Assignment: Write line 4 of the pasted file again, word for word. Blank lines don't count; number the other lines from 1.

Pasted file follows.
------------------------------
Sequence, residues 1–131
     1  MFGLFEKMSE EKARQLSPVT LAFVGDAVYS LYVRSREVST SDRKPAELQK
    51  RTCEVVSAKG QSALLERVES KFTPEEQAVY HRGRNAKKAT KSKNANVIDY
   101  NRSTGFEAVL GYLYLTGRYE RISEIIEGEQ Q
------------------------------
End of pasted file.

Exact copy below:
   101  NRSTGFEAVL GYLYLTGRYE RISEIIEGEQ Q